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[slab color=”#ffffff”]Thom’s Story[/slab]
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Parkinsons patient, Thom is a person who surprises me every time I meet him. Thom is one of those whose response to music, defines the term ‘Music Therapy’.

Music is therapy to this man.

Every time I go to see him, he appears differently. On one occasion he will be in bed, fitfully sleeping, on another he is sitting up uncomfortably wrapped in his clothes that he has half pulled off of himself, on another it is a ‘bad ‘ day and he is shaking uncontrollably from his disease and drooling because of lost control of his facial muscles. (His speech is slurred for the same reason and it is usually difficult to make out what he is trying to say.)

On another day, he is leaning over seemingly asleep and with no sense of the world around him – seemingly in-cognizant.

Music Therapy is very uncomplex for someone like Thom … we sing together. This may not seem very clinical and it may seem rather like a passing of time to an onlooker, but the depth of relationship and experience that is taking place is far reaching and wonderful.

As soon as I enter the room, greet him and begin with a song that I have learned he loves, he is with me. He is awakened, he is alerted, he is in the here and now, he has memories, heis gentle, he is verbal.

He begins to sing immediately – with a full rich voice – one that he has enjoyed throughout his life and one that doesn’t let him down now. The difficulty that he has with speech vanishes in the singing – the words are clear, and ordered. He sits straight, makes eye contact, corrects me when I am mistaken about thewords, speeds me up when I am too slow, or fixes the pitch if I am in an incompatible key for him. He also harmonizes with me. ‘We make a good team’ – he tells me.

Thom has a sense of being in control – something that his life seldom offers these days.

This is a man for whom no family is nearby. He has children who live far away and cannot easily be with him. He has some friends who visit from time to time. To the nursing staff, he is fairly agitated, unruly and often rude.

I say these things to put in context, the man who emerges in the music – a man who smiles and jokes, and remembers all of the words, and remembers his singing experiences in life – a man who expresses joy.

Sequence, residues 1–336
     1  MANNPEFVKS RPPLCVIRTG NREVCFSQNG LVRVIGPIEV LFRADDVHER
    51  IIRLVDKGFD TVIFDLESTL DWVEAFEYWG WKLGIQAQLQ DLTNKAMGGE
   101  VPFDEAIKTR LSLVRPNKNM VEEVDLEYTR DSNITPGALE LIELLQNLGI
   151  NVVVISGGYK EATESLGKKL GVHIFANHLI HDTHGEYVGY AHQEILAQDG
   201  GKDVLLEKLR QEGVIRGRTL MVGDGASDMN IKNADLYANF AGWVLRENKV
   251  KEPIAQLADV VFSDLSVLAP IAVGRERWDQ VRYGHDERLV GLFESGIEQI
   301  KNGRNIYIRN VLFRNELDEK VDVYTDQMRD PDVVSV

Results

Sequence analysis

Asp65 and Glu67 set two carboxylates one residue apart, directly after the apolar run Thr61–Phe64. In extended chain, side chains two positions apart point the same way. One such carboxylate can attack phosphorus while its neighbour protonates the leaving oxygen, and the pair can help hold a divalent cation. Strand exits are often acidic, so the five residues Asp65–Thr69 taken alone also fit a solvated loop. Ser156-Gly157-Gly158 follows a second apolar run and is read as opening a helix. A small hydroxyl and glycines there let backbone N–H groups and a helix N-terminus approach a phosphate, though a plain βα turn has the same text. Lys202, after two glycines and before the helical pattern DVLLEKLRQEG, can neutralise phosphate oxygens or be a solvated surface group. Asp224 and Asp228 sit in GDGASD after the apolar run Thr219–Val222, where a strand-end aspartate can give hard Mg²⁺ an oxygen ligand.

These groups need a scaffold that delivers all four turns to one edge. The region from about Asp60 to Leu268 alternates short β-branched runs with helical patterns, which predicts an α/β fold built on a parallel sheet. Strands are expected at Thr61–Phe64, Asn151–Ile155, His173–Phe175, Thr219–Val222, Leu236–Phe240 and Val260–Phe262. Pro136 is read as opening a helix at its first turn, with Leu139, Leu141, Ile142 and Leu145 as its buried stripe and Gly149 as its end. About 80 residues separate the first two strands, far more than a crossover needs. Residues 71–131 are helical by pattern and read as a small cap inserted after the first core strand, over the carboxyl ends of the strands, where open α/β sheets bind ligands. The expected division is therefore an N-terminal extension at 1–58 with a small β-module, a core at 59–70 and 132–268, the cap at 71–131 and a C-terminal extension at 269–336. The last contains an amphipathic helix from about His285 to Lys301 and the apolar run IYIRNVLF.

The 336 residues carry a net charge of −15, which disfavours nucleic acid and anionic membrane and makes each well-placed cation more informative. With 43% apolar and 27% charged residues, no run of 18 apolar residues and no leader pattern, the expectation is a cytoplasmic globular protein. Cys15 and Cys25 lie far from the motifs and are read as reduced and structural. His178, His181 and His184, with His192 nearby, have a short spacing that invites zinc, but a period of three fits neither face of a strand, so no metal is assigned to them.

Today he surprised me once again.

I brought a harmonica to our session to see if it might help to extend his breath. He picked it up and immediately began to play. ‘Mockingbird Hill’, and then ‘There’s no place like home’ and then ‘Way down upon the Swanee River’.

Usually, because of his delayed cognizance, it is difficult for him to think of songs. His slurred speech makes it difficult for him to communicate his idea even if he does come up with one. As a result, our routine has been that I make suggestions of songs, and he chooses from those suggestions.

Now when the harmonica is in his hand, these are not songs that I have suggested. They are songs that he has spontaneously picked and that are alive in there waiting to be reawakened by an opportunity. He is able to choose once again, by the act of just playing the music.

His face lights up, he sits up straight, he stops drooling, he plays beautifully and knows where the treble and bass are on this little instrument.

When else in his life these days, is he the knowledgeable one? When else can he interact directly on par with someone?

Music sets things straight. It orders the brain. The rhythms, the melodies, the harmonies, the warm feeling that most people associate with making music, make it possible for Thom to experience a moment in his week, of purpose – of richness.

The shaking stops, the head is upright, his mood is calm and gentle. Now the Personal Support Worker will give him a little sprucing up, and he can join the music group down the hall. He is thrilled to be a part of the group – and sings with his big voice and plays his harmonica. No one would have dreamed to look at him 1/2 hour before, that he could be presentable, or alert enough to join a group and participate so beautifully.

His mood stays with him and later on I see him, still calm, relaxed and holding his harmonica. I am pleased to see that the feeling has stayed with him.

Next week there will be another little hiatus for him.

© Copyright Nicola Oddy 2014

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